When we lose a loved one, it’s common to question how Krsna could have allowed this to happen. We may think it doesn’t seem right or we don’t deserve it. This can even create resentment, subtly or grossly, towards Krsna.
Srila Prabhupada was asked why Krsna created a world in which there is suffering. He immediately replied that you created this world, not Krsna. He gave the example of a prison. Factually, the prison is a creation of criminals, for if there were no criminals, there would be no prison.
It’s important to get grounded with the reality that we, by our desire, have created this world, and because we are here, there is always the potential for suffering. Rather than continuously lament when suffering comes to us or those near to us, we should learn from the pain. We can take it as a reminder that Krsna is showing us that life is impermanent, and that we should be more detached. Thus, we can take reversals as a notice to become more serious about spiritual life.
We are supposed to see Krsna’s hand and kindness in everything, and thus see everything and everyone as guru. By seeing things in this way, we see difficulty as our teacher.
Lamenting when we lose a loved one is natural. Yet, lamenting for years after the loss is not right. This is symptomatic of the mode of ignorance. Arjuna lamented when his son, Abhimanyu, was killed. Yet he continued to fight. He didn’t give into ignorance in the form of depression or the inability to do his duty. He dealt with his emotions in a way that didn’t disturb his bhakti.
We never see great devotees blaming Krsna for reverses in their lives. The challenge we face is that although we accept Krsna consciousness when everything goes well, when it doesn’t we are tempted to give it up or doubt the philosophy. I have heard of devotees giving up their Krsna consciousness because they could not accept a God who would allow a serious tragedy into their lives. Yet, we have a philosophy that states that no one will get something they don’t deserve. It’s easy to believe this when things go well. When they don’t go as we desire, our faith is challenged.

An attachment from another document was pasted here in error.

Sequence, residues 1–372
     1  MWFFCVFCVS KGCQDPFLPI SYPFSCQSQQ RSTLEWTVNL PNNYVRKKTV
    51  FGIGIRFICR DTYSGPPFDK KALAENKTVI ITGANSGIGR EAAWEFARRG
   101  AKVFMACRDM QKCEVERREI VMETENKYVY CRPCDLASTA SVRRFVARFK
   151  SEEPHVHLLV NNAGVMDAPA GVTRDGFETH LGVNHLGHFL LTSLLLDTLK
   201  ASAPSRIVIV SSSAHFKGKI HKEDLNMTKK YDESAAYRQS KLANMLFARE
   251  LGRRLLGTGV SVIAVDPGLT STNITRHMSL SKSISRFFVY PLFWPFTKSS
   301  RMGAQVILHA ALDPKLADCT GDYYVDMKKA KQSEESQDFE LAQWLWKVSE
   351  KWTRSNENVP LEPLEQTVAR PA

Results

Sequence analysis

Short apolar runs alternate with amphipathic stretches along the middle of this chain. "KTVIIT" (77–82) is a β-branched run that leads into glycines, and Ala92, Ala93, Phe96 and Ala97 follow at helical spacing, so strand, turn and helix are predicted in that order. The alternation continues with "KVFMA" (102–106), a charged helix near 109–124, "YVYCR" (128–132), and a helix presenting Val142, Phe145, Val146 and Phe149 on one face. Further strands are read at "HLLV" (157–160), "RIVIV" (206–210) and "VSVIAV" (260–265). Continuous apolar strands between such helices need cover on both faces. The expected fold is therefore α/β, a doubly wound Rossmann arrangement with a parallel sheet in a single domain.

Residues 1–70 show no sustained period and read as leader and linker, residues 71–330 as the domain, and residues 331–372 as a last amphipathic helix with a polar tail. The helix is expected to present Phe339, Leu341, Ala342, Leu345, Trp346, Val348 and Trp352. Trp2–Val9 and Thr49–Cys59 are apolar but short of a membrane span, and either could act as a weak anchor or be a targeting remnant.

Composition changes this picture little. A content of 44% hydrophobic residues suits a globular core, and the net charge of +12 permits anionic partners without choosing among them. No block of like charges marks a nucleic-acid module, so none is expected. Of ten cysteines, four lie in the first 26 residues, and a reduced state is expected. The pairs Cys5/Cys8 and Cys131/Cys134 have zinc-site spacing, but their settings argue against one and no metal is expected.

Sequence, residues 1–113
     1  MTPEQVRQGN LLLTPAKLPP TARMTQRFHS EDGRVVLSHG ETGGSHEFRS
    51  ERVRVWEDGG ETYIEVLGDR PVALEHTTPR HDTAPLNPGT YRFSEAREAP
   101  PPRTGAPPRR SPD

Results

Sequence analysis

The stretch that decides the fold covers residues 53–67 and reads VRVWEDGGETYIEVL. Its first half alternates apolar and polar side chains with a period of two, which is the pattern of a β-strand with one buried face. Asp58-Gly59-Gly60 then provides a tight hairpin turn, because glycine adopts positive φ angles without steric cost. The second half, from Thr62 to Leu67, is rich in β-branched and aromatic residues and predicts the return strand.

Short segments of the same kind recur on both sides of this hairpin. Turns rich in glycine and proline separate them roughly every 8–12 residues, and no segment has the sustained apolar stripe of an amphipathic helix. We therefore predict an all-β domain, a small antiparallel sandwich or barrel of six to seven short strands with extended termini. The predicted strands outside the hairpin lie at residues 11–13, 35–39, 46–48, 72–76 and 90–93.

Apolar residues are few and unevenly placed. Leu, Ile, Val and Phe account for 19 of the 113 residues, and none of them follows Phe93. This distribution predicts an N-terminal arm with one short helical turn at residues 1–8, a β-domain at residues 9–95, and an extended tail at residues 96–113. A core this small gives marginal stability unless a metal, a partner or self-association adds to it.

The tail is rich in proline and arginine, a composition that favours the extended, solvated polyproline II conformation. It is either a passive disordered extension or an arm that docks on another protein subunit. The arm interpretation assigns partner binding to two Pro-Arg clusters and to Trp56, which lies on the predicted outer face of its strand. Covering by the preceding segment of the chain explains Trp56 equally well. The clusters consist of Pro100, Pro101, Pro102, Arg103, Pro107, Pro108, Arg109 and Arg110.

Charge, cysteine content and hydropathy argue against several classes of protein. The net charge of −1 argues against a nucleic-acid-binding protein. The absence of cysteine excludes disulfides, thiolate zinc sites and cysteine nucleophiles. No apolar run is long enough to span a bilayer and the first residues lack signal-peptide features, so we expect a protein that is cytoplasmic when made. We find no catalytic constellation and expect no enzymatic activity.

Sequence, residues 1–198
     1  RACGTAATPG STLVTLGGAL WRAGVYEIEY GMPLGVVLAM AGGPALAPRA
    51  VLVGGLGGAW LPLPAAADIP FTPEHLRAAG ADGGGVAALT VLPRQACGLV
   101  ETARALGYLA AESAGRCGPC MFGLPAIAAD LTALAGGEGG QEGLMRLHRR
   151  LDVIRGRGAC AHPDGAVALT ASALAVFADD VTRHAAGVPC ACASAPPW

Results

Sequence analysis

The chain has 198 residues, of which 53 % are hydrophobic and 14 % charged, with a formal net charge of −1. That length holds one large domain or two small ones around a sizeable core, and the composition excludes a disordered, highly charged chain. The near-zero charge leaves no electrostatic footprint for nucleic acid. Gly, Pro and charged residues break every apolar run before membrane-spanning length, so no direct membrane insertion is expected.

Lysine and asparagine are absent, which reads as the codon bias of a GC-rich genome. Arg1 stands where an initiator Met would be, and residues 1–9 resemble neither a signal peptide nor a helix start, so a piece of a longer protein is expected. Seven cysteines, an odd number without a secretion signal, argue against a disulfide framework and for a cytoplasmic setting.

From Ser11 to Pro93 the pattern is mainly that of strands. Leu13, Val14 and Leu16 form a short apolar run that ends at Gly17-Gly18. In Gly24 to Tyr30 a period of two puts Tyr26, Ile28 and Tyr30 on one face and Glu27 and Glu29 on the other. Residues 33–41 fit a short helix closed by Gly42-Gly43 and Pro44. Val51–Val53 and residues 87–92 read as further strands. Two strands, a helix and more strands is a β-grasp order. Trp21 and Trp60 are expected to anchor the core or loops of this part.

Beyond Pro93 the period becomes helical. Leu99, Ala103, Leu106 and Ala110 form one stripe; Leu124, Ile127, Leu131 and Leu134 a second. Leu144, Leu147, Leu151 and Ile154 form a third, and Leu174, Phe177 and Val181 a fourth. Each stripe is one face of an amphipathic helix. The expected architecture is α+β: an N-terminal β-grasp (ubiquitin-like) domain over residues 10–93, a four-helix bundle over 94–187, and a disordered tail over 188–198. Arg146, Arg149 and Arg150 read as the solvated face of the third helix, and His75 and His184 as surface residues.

Yet, if only good things happen to everyone, no one would have the impetus to be Krsna consciousness.
Our freedom lies in our choice. We can choose how we respond to difficulty. If we are upset with reversals in life, ultimately we are the ones who view the situation in a way that causes us continued pain. If we see situations differently, we feel differently. To not choose to respond in a Krsna conscious way is also a choice, the choice not to respond from a higher perspective.
Perhaps the most difficult challenge for us is simply to accept things the way they are. Our frustration, our anxiety, and our unhappiness are usually caused when we cannot accept what is happening to us or to our friends or loved one. Yet the pure devotee not only accepts what comes to him, he thinks he deserves worse. We are taught to follow this line of thought as the basis for receiving Krsna’s mercy.
If we follow our conditioned responses, and do not take responsibility for our feelings, we become products of the influences of lower modes of nature. We must think and live according to our highest ideals, not according to the impulses of the modes.
If the death of a loved one can help us rise to the platform of living more deliberately, it might prove to be one of the greatest learning experiences in our life.